[Top][All Lists]

[Date Prev][Date Next][Thread Prev][Thread Next][Date Index][Thread Index]

[Fsfe-france] [Fwd: Microsoft Offers Companies New Ways to Keep Secrets]

From: pplf
Subject: [Fsfe-france] [Fwd: Microsoft Offers Companies New Ways to Keep Secrets]
Date: Tue, 25 Feb 2003 08:59:27 +0100
User-agent: Mozilla/5.0 (X11; U; Linux i686; en-US; rv:1.2.1) Gecko/20021130)

Le DRM à toutes les sauces dans le nouveau Windows 2003... :-(

-------- Original Message --------
Subject: Microsoft Offers Companies New Ways to Keep Secrets
Date: Mon, 24 Feb 2003 18:28:10 -0500
From: R. A. Hettinga <address@hidden>
To: Clippable <address@hidden>
CC: address@hidden

"We're from Microsoft, and..."



February 24, 2003

Microsoft Offers Companies
New Ways to Keep Secrets


Microsoft Corp. wants to help companies control access to sensitive documents. But the idea might not be welcome to corporate watchdogs.

The Redmond, Wash., software company Friday described new technology that can be used to create programs that can enforce a range of policies against unauthorized disclosure of information. Among other things, companies or government agencies could set restrictions on what documents or text could be copied, forwarded in e-mail, printed or viewed as Web pages.

Microsoft's technology, called Windows Rights Management Services, will use a forthcoming operating system called Windows Server 2003 and be included in a version of the Office suite of desktop programs, due in the second half of the year. The company plans to distribute tools in the second quarter to help other software developers update their products to add the security features.

Microsoft officials said the technology was prompted by customers who worry about the ease with which employees can leak sensitive material such as business plans, new product specifications or classified information.

"The benefit of the Internet is faster communication with authorized people," said Mike Nash, corporate vice president in Microsoft's security business unit. "The risk is accidental or deliberate disclosure of data that is company-confidential."

The technology can effectively revoke the ability of employees to view documents, even after they have been transferred outside a company. That feature would work by requiring recipients of a sensitive file to log on to a server at regular intervals to renew rights to access it. If they are fired or resign from a company, they could no longer renew those rights, which would expire.

Some public-policy groups aren't enthusiastic. They argue that the technology could make it harder for employees to provide evidence of corporate wrongdoing to journalists or government regulators.

"It's clear that corporations might see it as valuable," said Seth Schoen, staff technologist at the Electronic Frontier Foundation, a civil-liberties group based in San Francisco. "It's not necessarily clear that it would be good for the public."

An employee, for example, might be ordered to do something illegal in an e-mail that effectively self-destructs. "If the person doesn't do the thing, he can be fired," Mr. Schoen said. "If he wants to prove the boss had asked him to do something illegal, there is no record of it."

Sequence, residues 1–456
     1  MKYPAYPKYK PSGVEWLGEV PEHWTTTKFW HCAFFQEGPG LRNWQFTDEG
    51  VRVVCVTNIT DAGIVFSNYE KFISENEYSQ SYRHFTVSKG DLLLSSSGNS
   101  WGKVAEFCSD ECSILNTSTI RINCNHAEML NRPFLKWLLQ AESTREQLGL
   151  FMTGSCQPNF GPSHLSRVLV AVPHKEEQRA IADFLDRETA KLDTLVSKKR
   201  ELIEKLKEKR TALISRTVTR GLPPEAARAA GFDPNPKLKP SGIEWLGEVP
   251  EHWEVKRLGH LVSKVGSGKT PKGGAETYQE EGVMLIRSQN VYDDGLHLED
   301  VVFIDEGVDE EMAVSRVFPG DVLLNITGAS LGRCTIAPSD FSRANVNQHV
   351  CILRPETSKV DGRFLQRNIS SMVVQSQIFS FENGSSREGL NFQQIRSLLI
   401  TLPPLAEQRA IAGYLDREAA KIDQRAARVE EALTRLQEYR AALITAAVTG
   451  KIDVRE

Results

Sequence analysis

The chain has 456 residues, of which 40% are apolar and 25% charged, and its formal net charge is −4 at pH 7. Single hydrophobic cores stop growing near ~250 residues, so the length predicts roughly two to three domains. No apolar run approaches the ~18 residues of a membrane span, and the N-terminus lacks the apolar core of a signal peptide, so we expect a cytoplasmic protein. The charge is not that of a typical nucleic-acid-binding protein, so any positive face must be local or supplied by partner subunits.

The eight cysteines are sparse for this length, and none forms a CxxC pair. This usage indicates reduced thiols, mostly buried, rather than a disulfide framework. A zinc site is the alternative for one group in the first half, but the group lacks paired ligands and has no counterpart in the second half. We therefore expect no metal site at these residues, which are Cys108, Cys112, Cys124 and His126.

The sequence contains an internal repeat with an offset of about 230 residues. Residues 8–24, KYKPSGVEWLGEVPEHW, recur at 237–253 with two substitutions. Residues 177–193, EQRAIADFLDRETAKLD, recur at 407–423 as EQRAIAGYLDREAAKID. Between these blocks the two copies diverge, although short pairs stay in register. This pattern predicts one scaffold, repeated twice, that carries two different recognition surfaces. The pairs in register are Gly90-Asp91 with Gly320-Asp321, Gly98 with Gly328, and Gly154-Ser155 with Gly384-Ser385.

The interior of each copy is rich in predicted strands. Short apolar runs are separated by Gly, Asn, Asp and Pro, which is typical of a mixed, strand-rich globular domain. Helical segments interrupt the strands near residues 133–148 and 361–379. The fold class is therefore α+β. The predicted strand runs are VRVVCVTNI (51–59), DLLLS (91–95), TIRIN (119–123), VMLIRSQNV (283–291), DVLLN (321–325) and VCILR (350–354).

Companies clearly have the legal right to control access to their information and computer networks, just as they might limit how employees use photocopying machines, Mr. Nash said. Microsoft is just trying to give them better tools to do so, he said.

It is not the only one. Liquid Machines, a start-up in Lexington, Mass., last week demonstrated its own software for controlling access to documents that it expects to deliver at the end of May. While Microsoft's plans require customers to install new versions of application programs, Liquid Machines' technology can protect existing applications, including products that aren't based on Windows, said Jim Schoonmaker, its chief executive officer.

Most such electronic locks can be evaded. An employee could use a camera to take a picture of a document on a screen, for example. Microsoft could make it harder for programmers to side-step its document-protection plan by exploiting another Microsoft-proposed technology, originally code-named Palladium, that uses chips to wall off portions of a computer's hard drive so some programs can't be easily modified, Mr. Schoen of the EFF noted.

R. A. Hettinga <mailto: address@hidden>
The Internet Bearer Underwriting Corporation <http://www.ibuc.com/>
44 Farquhar Street, Boston, MA 02131 USA
"... however it may deserve respect for its usefulness and antiquity,
[predicting the end of the world] has not been found agreeable to
experience." -- Edward Gibbon, 'Decline and Fall of the Roman Empire'

The Cryptography Mailing List
Unsubscribe by sending "unsubscribe cryptography" to address@hidden

pplf - French OpenPGP page    <address@hidden>
"OpenPGP en francais"         PGP: 8263 8399 2074 5277 a6d3
http://www.openpgp.fr.st           622d 1b66 ea3d caa0 8c94

reply via email to

[Prev in Thread] Current Thread [Next in Thread]